Passing for the moment the wisdom of the foreign policy Senator Paul is proposing, we note that the shrillness of his warnings against war are bizarre at a moment when the president — with no meaningful opposition from Congress — has completely withdrawn U.S. troops from Iraq, allowed his intention to withdraw almost completely (or perhaps completely) from Afghanistan to be leaked, refused to support Syrian rebels in any meaningful way, removed the U.S. from playing any significant role in the unraveling of Egypt, and indicated his intention to reduce the American military dramatically. He has allowed Iran to pass so many “red lines” in its pursuit of nuclear-weapons capability that it is hard to imagine what line he would not allow Tehran to cross. America’s foreign policy today is hardly one of militaristic, imperialistic determination to intervene. Apart from the evil “neocons” — virtually none of whom, it should be noted, have advocated attacking Iran, invading Syria or Yemen, or launching other adventures that Senator Paul seems so to fear — it is hard to understand against whom the senator is arguing. …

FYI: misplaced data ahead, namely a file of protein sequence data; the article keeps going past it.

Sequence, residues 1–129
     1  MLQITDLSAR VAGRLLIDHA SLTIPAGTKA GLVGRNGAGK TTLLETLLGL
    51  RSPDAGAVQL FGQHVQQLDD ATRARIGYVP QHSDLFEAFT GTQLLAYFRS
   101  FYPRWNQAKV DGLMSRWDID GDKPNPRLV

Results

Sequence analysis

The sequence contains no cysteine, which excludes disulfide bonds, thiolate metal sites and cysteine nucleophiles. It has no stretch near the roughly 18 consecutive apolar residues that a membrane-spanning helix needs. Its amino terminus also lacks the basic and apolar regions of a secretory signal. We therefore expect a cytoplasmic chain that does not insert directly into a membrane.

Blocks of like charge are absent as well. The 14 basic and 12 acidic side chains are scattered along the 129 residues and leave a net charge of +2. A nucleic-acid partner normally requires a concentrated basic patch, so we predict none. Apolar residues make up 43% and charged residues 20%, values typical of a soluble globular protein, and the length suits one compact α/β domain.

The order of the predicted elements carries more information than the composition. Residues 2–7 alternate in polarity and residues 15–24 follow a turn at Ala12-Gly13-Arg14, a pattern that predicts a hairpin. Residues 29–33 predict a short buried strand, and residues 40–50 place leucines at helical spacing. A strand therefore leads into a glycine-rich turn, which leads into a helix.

The United States has an interest in the outcome of that fight, since Salafist ideology calls for our conversion or destruction after the righteous Muslim community has been reestablished. And, of course, the ideology practiced by Osama bin Laden called for attacks on the U.S. as a priority part of this insurgency, since he believed that our support to “apostate” regimes was the principal obstacle on the path to righteousness within the Muslim world. The Muslim community will reject and defeat this manifestation of brutal, self-righteous heresy, as it has before. But it is a fallacy to claim either that the U.S. cannot help or that the course of this conflict does not matter to Americans. It matters a great deal because its price will be paid in blood, including American blood, whether we consciously participate or not.